Built-in types, operators and functions

Camelot has a built-in polymorphic list type α list . The empty list (which is represented by the null value) is denoted by [] and the cons operation is denoted by ::. For example, to define the list length function (which is not presently built in) one can write

  let length l = 
      match l with
            [] => 0 
          | h::t => 1+length t

Literal lists can also be represented by the syntax used in SML. For example

  let n = let l = [1,5,7,9,33] in length l

This syntax is not allowed in match statements.


Camelot has various built-in infix operators.

+, -, *, /, mod

arithmetic operations on integers

+., -., *., /.

arithmetic operations on floating-point values

=, <, <=, =>, >

numeric comparisons.

Note that the equality operator = can also be applied to strings and other objects. However, it is interpreted as equality of references and hence will usually fail to give the correct result; for strings, one should use the function same_string.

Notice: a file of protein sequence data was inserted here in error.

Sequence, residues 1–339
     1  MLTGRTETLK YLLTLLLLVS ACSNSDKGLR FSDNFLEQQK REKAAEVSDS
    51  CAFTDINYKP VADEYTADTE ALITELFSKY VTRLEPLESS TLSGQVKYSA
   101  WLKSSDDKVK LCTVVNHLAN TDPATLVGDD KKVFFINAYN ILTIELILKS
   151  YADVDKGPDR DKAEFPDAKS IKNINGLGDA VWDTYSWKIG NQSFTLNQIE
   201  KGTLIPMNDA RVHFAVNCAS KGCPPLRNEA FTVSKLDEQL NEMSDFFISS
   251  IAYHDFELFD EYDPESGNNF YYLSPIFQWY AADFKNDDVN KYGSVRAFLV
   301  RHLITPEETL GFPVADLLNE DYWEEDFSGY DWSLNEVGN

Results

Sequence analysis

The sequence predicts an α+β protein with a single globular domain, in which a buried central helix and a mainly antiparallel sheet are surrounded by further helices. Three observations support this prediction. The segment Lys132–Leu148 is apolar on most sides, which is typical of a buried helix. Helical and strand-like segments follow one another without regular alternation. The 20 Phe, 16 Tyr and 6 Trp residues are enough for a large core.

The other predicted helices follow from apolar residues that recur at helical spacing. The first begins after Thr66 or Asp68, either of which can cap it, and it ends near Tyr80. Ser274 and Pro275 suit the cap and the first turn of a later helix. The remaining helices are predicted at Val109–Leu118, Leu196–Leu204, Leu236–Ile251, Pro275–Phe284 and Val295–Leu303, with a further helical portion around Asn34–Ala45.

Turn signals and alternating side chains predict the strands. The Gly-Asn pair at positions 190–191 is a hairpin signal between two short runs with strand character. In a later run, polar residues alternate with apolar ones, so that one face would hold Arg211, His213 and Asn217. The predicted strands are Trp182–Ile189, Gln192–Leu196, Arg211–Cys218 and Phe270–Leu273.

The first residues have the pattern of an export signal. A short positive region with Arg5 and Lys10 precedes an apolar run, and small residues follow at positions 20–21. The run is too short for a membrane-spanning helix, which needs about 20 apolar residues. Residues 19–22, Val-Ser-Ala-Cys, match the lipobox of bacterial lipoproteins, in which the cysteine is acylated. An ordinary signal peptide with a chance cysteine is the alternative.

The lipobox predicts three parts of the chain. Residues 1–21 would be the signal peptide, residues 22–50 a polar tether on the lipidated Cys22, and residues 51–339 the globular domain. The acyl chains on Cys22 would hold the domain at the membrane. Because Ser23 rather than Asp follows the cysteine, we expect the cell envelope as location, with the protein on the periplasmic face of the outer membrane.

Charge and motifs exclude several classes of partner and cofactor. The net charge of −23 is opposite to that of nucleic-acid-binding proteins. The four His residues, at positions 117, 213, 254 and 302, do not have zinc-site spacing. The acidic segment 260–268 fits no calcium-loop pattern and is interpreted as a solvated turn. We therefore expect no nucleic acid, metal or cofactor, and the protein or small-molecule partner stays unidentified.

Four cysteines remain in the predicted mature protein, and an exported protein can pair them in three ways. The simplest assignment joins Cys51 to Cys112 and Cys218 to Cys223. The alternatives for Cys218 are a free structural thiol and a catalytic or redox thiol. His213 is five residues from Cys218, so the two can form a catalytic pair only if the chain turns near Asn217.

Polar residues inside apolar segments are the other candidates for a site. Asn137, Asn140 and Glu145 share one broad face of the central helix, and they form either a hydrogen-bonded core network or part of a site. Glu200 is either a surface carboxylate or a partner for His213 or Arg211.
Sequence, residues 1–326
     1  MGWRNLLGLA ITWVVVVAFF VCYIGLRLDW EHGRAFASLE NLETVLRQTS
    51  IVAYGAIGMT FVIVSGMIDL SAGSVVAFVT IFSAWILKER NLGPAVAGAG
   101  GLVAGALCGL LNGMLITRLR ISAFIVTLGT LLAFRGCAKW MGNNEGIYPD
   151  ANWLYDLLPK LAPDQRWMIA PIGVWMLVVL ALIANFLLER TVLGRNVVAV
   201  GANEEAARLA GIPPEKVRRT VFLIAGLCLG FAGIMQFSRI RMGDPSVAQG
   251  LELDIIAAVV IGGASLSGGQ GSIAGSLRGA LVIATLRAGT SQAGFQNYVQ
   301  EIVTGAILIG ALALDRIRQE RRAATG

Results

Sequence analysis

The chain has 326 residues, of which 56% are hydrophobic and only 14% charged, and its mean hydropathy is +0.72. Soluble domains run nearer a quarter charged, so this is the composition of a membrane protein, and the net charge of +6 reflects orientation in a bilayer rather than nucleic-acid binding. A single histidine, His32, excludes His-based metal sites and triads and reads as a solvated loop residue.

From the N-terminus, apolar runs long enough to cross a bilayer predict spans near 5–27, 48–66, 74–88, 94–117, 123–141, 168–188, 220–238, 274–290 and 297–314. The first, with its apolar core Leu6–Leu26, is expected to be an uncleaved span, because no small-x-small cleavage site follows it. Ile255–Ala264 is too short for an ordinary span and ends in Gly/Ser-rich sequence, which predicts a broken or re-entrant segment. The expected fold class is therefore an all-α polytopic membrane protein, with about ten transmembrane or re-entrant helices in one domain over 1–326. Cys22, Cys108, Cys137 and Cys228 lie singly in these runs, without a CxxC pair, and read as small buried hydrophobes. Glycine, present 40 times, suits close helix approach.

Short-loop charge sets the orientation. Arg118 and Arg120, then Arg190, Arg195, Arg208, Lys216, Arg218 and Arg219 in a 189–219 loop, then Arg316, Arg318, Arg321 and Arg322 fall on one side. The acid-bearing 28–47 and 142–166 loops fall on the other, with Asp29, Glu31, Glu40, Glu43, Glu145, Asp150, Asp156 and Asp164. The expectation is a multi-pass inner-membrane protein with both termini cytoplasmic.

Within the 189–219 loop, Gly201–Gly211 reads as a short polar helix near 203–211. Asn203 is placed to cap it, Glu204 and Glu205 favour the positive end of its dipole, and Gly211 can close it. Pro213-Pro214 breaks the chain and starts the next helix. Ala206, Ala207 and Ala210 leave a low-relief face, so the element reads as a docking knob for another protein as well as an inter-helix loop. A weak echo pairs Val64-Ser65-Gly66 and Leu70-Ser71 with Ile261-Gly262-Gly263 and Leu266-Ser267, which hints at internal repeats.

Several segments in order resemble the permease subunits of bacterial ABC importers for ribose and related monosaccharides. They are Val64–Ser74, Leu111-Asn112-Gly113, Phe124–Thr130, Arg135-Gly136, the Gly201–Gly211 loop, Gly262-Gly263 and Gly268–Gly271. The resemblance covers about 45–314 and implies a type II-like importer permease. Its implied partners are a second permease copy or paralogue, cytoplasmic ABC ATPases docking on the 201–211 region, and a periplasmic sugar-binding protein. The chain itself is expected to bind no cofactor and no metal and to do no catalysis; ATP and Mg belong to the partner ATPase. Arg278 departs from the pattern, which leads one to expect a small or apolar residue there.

not, andalso, orelse

boolean operators.

The last two of these only evaluate as many expressions as are required to decide the result; for example, if we attempt to evaluate the expression e1 andalso e2 then e2 will not be evaluated if e1 evaluates to true.


string concatenation.


There are also several built-in functions. The names of most of these should be self-explanatory.

 int_of_float: float -> int 
 float_of_int: int -> float
 int_of_string: string -> int
 string_of_int: int -> string
 float_of_string: string -> float
 string_of_float: float -> string
 print_int: int -> unit
 print_int_newline: int -> unit
 print_float: float -> unit
 print_float_newline: float -> unit
 print_string: string -> unit
 print_string_newline: string -> unit
 print_newline: unit -> unit
 same_string: string -> string -> bool
 (* Array operations *)
 empty: int -> α -> α array
 get:   α array -> int -> α
 set:   α array -> int -> unit
 arraylength: α array -> int